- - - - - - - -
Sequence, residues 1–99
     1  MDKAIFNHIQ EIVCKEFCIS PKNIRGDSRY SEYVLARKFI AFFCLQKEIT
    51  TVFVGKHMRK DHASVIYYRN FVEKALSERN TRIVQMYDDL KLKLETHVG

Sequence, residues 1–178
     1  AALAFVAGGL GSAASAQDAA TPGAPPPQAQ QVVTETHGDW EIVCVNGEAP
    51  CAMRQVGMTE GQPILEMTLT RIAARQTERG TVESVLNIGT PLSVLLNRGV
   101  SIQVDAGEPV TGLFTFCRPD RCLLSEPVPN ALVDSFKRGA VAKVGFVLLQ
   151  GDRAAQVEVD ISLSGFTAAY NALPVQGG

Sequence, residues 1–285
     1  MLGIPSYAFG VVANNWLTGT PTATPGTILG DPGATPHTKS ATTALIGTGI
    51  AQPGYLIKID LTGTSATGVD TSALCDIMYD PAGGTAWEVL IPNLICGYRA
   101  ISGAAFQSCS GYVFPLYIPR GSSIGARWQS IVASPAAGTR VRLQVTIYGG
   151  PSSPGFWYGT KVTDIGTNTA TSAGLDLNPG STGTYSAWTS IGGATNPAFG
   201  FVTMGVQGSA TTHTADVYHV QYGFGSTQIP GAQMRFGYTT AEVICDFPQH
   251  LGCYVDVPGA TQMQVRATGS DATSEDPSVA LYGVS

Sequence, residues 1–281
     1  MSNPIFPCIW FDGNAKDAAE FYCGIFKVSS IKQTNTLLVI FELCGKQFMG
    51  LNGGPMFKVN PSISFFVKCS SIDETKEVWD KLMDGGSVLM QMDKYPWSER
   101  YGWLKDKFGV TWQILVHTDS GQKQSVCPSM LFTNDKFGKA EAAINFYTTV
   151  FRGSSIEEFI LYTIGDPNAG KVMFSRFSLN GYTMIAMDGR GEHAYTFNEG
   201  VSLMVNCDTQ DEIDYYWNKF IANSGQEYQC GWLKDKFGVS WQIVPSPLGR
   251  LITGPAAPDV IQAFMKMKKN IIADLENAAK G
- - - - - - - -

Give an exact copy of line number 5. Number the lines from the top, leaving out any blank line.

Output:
     1  AALAFVAGGL GSAASAQDAA TPGAPPPQAQ QVVTETHGDW EIVCVNGEAP